“Women do gain weight during pregnancy and that is healthy for both mom and baby,” says Dr. Mary Schultz, M.D., an OB/GYN with Agnesian HealthCare. As a nation, however, our waist lines are expanding and starting a pregnancy overweight or obese can be a concern. The American Congress of Obstetricians and Gynecologists’ report, “Obesity in Pregnancy,” explains the known risks that obesity poses to pregnant women and their babies.
“Obesity has become an epidemic,” says Gary D.V. Hankins, MD, chair of ACOG‘s Committee on Obstetric Practice, which developed the document. “At this point, 49% of non-Hispanic black women are obese, 38% of Mexican-American women are obese, and 31% of non-Hispanic white women are. And, everything we do in obstetrics is made more difficult and more complex by obesity—from using external monitors to performing surgery.”
According to ACOG, some studies show that obesity is an independent risk factor for miscarriage among women who undergo fertility treatment. Data also links obesity to miscarriage in women who conceived naturally. Obesity has been linked to an increased risk of gestational hypertension, preeclampsia, and gestational diabetes. And the higher the body mass index (BMI) a woman has, the higher the chance she will need a cesarean.
Other studies show that obese women have more complications during and after cesarean surgery, including excessive blood loss, operating time greater than two hours, and wound infection. Surgery in obese women also poses anesthetic challenges, among them difficult epidural placement and respiratory problems from difficult intubation.
Elevated risks to the babies of obese women include stillbirth, prematurity, macrosomia (large for gestational age), neural tube defects, and higher rates of childhood obesity.
“A lot of ob-gyns don’t bring up weight with patients,” says Laura E. Riley, MD, immediate past chair of ACOG’s Committee on Obstetric Practice. “We’re hoping to open the dialogue between patient and physician, so that patients come to understand that maintaining a healthy weight isn’t just about how you look, but that it also has real medical implications.”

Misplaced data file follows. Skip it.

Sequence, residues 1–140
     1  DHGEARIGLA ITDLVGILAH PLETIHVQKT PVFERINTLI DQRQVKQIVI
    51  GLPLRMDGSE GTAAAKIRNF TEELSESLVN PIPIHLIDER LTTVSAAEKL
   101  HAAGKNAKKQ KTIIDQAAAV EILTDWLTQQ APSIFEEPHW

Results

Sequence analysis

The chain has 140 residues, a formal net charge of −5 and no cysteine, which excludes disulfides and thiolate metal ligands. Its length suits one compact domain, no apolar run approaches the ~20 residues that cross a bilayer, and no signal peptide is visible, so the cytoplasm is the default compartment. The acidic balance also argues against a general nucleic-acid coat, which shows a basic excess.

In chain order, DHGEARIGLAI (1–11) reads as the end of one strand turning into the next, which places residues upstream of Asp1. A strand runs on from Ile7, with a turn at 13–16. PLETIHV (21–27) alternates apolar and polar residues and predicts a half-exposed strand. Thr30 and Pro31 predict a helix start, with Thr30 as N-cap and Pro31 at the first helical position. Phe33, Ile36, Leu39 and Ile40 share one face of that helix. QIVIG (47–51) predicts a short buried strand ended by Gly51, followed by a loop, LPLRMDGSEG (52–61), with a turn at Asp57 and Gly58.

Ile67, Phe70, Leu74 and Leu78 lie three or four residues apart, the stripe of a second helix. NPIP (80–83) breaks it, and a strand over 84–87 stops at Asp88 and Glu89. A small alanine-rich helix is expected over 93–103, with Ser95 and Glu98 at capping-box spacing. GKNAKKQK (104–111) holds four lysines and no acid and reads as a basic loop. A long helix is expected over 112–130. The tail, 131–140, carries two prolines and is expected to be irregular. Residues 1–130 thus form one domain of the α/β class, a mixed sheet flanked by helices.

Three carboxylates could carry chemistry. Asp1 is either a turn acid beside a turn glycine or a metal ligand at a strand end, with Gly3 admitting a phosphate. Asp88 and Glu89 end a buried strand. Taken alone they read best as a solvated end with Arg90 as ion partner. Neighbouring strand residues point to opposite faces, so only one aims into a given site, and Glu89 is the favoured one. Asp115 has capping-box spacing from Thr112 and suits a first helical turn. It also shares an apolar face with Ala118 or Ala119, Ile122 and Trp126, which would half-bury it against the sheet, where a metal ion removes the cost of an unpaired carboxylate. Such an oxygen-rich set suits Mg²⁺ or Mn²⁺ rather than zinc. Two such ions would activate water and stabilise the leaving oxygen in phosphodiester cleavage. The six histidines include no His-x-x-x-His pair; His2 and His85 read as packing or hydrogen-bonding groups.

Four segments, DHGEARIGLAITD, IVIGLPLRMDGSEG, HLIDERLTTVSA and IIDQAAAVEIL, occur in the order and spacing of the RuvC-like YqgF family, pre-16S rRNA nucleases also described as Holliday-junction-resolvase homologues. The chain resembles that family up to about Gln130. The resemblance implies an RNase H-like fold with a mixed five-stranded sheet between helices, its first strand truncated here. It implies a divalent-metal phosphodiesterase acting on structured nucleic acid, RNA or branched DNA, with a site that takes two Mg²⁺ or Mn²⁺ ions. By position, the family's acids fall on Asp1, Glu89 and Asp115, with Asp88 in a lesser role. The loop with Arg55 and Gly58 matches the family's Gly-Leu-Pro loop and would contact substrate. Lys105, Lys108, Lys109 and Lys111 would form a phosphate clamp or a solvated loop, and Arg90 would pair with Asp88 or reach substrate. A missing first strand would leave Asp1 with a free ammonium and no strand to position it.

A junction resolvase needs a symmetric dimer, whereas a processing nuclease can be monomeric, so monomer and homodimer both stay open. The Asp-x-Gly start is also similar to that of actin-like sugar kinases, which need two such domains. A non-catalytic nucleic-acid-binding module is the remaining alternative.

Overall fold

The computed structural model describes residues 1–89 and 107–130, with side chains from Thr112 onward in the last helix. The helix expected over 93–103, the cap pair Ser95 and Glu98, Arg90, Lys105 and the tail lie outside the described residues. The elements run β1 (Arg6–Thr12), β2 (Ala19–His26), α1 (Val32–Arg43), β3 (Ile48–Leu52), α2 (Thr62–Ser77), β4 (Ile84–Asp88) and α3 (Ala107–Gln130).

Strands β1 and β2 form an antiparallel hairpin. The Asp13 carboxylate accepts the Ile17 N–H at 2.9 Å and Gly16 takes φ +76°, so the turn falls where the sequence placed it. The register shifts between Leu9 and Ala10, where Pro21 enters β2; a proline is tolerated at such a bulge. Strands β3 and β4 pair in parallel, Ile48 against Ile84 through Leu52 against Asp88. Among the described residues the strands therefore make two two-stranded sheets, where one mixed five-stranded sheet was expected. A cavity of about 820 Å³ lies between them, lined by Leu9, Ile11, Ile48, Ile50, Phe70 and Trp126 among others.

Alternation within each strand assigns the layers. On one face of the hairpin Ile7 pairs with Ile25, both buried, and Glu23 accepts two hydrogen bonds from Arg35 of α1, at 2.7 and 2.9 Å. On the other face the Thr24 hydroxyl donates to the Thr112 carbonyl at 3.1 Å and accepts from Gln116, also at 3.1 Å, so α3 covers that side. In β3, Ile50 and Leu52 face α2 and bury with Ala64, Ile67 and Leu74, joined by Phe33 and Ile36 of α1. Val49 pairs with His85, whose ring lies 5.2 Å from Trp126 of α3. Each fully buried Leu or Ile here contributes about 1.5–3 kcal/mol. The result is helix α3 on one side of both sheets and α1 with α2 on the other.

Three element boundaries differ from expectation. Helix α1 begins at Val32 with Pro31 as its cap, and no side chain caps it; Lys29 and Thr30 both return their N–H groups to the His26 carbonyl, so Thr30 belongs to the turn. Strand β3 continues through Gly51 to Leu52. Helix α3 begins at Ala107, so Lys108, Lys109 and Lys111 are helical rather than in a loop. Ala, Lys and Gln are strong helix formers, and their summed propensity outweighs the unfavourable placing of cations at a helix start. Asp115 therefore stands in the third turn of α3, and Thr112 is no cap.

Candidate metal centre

Vivian M. Dickerson, MD, immediate past president of ACOG, emphasizes that the time to begin frank discussions about weight is before a pregnancy is achieved. “In preconception visits, we talk to patients about genetic risks and immunity to rubella, but rarely do we discuss their weight or diet and exercise,” Dr. Dickerson says. “But optimizing your weight before conception is one of the most important things you can do to have a healthy baby.”
To battle obesity, more people are turning to bariatric surgery. But as a result of the surgery, many patients who later become pregnant may see a host of complications such as gastrointestinal bleeding, anemia, intrauterine growth restriction, prematurity, and neural tube defects. The surgery can also lead to deficiencies in iron, vitamin B12, folate, and calcium. On the other hand, pregnancies following bariatric surgery are often less likely to be complicated by gestational diabetes, hypertension, macrosomia (large babies), and cesarean delivery.
“Because we’re just beginning to learn what the risks and upsides might be, it’s a balancing act for doctors and patients,” said Dr. Dickerson. “Patients need to proceed with caution because we really haven’t had enough experience yet with this to make solid conclusions.”
ACOG’s recommendations for obese patients who are pregnant or planning to conceive include having a preconception consultation and weight-loss counseling, seeking information on the risks of obesity and pregnancy, and continuing nutritional counseling and exercise programs after delivery.”